(Louisiana State Quarter Die Trials)
Land ~ Sea Discovery Group Staff
BACKGROUND OF THE COIN:
the year 1803 Thomas Jefferson bought the Louisiana Territory from
Napoleon Bonaparte for $15,000,00.00. It has since become known
as the greatest real estate deal in history providing the country
with thirteen new states and doubling its size and making it one
of the largest countries in the world.
On April 30, 1812 Louisiana joined the Union and became the 18th
in that growing list of states forming the United States of America.
A normal 2002 P Louisiana State Quarter
it is only fitting that on May 20, 2002 the Louisiana State Quarter
became the 18th quarter to be released by the U.S. Mint since the
program’s inception. The Louisiana State quarter was the third
to be released in 2002.
The governor of Louisiana Mike Foster Jr.
created the Louisiana Commemorative Coin Advisory Commission, which
then solicited design ideas from Louisiana residents. Based on the
1193 submissions, Governor Foster submitted five design concepts
to the U.S. Mint. The Governor then selected the final design.
The design consists of three elements. The
first of these is the Brown Pelican. Louisiana’s nickname
“The Pelican State” is so named for this indigenous
bird, which for some time was on the endangered species list, and
only recently has be put on “recovered” status. The
second is an outline of the United States with the area of the Louisiana
Purchase clearly marked and outlined. To the right of this highlighted
area are the words, LOUISIANA PURCHASE. The third element is a trumpet
and musical notes that represent the birth of jazz music in New
DIE TRIAL ERRORS EXPLANATION:
In the earliest striking of any coin there
is an adjustment made to insure the correct pressure settings. These
die adjustment strikes are called die trials. The first die trials
out of the pressing have very little pressure and leave a very weak
striking on the coin. Gradually the pressure is increased until
it reaches the optimum level. Keep in mind the coins are being pressed
very quickly perhaps up to 12 per second. Once the settings are
proper the die trials are destroyed and rarely found in circulation.
Any coins found to be die trials are considered error coins. Note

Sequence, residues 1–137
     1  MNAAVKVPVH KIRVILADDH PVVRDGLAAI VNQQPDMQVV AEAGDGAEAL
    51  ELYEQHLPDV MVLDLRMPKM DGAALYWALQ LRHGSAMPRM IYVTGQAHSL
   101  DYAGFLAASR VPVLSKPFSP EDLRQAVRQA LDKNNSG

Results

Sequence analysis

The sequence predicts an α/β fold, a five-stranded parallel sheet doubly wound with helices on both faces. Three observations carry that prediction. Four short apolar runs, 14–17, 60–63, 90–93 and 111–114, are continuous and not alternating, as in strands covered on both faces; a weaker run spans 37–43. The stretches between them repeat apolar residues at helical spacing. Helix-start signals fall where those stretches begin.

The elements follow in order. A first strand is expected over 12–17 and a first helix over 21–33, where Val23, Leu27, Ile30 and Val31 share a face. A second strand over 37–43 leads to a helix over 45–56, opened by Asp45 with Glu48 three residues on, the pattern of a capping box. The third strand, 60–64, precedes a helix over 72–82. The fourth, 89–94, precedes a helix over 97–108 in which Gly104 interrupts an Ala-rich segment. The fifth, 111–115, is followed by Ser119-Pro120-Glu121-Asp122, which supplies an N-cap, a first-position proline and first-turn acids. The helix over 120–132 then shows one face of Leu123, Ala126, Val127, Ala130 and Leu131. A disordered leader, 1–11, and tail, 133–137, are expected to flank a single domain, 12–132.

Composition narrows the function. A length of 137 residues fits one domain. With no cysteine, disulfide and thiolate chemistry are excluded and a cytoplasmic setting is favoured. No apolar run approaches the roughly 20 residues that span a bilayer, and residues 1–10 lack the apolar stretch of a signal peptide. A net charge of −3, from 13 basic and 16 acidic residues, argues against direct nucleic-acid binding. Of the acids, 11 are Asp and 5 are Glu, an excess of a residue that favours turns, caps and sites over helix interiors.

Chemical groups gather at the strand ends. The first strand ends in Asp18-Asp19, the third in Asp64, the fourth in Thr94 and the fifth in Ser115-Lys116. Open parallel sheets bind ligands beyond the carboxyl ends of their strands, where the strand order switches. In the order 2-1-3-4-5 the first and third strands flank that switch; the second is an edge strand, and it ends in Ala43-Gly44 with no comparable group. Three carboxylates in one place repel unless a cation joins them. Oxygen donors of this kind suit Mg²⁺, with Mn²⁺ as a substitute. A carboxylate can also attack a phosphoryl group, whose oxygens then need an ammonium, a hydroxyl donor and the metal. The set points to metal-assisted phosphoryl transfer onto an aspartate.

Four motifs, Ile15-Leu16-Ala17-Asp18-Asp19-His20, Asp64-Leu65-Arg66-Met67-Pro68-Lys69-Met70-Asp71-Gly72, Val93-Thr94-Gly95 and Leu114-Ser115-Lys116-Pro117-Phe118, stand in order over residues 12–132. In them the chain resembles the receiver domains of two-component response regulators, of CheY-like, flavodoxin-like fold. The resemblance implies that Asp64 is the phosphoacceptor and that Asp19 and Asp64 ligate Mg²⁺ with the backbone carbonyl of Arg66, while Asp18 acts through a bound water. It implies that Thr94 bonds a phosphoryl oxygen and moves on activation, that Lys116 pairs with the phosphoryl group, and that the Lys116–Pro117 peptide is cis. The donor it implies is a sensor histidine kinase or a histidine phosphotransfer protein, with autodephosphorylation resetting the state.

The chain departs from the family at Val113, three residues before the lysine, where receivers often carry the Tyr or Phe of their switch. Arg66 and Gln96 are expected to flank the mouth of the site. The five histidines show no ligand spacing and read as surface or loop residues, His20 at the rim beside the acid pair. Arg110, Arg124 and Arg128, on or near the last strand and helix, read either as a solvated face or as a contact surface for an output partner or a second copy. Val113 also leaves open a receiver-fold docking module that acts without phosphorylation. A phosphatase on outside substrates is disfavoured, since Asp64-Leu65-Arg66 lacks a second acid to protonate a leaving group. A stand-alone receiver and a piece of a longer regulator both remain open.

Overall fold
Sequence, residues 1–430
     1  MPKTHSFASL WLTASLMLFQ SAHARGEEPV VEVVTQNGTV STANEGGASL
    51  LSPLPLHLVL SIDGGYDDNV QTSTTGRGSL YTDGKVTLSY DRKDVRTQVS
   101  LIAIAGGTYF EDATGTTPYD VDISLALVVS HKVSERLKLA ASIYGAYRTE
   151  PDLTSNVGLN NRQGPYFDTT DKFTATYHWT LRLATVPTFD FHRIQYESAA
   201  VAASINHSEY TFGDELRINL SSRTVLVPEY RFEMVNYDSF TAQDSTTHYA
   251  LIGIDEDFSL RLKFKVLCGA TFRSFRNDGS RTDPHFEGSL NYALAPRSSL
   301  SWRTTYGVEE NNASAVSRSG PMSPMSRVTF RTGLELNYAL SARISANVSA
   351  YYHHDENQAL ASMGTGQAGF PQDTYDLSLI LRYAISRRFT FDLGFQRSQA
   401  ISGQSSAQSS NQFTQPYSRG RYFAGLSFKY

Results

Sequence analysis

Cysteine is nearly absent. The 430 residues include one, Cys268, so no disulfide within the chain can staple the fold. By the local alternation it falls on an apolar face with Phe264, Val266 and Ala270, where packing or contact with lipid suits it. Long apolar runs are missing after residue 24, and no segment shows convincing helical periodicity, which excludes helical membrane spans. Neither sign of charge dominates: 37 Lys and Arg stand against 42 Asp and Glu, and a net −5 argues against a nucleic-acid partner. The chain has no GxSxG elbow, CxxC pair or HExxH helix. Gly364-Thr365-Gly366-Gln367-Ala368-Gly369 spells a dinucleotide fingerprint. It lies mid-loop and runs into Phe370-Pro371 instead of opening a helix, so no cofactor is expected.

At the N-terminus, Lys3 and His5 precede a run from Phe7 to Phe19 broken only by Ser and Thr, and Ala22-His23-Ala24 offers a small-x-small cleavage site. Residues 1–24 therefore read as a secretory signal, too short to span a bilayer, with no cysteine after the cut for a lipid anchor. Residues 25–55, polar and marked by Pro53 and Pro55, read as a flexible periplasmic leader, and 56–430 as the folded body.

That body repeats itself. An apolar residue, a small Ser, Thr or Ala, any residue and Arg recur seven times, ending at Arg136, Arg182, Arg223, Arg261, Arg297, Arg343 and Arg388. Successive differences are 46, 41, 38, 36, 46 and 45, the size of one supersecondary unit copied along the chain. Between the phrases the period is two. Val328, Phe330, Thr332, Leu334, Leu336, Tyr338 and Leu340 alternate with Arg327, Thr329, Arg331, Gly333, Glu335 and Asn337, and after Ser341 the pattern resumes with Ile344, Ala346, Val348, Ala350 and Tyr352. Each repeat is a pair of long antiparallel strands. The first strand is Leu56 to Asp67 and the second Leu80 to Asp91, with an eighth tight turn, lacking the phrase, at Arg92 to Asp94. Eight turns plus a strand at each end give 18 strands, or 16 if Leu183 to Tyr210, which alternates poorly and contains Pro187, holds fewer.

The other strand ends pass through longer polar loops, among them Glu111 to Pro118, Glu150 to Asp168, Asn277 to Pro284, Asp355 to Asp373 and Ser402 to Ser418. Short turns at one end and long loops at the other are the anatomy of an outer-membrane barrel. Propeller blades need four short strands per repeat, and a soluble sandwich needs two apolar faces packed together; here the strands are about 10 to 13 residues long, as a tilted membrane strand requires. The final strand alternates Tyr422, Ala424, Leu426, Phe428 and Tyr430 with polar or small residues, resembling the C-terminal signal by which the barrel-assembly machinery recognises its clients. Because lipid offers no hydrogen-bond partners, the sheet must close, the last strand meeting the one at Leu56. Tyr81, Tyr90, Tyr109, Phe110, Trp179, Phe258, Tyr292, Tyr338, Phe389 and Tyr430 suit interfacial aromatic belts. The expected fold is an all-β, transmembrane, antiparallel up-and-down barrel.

that the die trial coins are full weight planchetts.
THE LOUISIANA STATE QUARTER STUDY:
On October 16, 2002 I was given the rare
opportunity to study a number of die trials of the Louisiana State
Quarter with the Philadelphia Mint mark. Though I am not at liberty
to say how many coins were placed in the study, I will say that
it was sufficient to complete the study with an excellent degree
The coins fell into five basic degrees of pressings and the most
consistent factor in my determining the differences of the degrees
were the states of relief of the Brown Pelican. Other points on
the coins did not always remain consistent.
2002 P Louisiana State Quarter die trials reverse side.
The lightest pressure and first degree. In this degree the head
of the pelican is just visible. There may be in the center a
near complete outline of the Louisiana Purchase. No date.
2. The second degree the pressure has been increased a slight
degree and a ¾ view of the pelican is exposed. Chest
area and head showing more prominent. The outline of the Louisiana
Purchase is now very prominent, the words LOUISIANA PURCHASE
are two thirds complete, and the trumpet begins to appear. No
3. The third degree of pressing produced a near full pelican,
but without detail of wings etc. The outline of the United States
has appeared, the trumpet is more pronounced, musical notes
appear, and parts of LOUISIANA 1812 are near complete. On the
bottom of the coin E PLURIBUS UNUM is appearing but not complete.
There still is no date.
4. In the forth degree our pelican is even more pronounced,
but the key factor in this degree is the date has appeared though
faint next to the pelican. The country is fairly well outlined
though Florida is weak. The words LOUISIANA PURCHASE is near
complete though weak on the right edge.
5. The fifth degree is moving rapidly towards a near complete
coin. The pelican is complete though still does not show his
complete detail of his wing, beak, and eye. The date is much
stronger in relief. Nearly all the other features of the coin
are complete however the date, last letters of LOUISIANA PURCHACE,
and at the top LOUISIANA may be thin still.
2002 P Louisiana State Quarter die trials obverse side.
you can well imagine, often just finding one die trial of a particular
coin is extremely rare. Finding a progressive run is an exceedingly
rare find. I can honestly say that in a life time you may be able
to find one or two of these, but to be able to put a set together
to show the progressive state of pressing the coins in the die trials
will be near impossible. I believe that if this example of die trials
interests you, that you check with knowledgeable coin dealers and
you will find that this is indeed a rare item.
you are interested in owning a set of 5 progressive die trials for
the 2002 P Louisiana State Quarter, check in the marketplace
for availability. I doubt you will not find them anywhere else in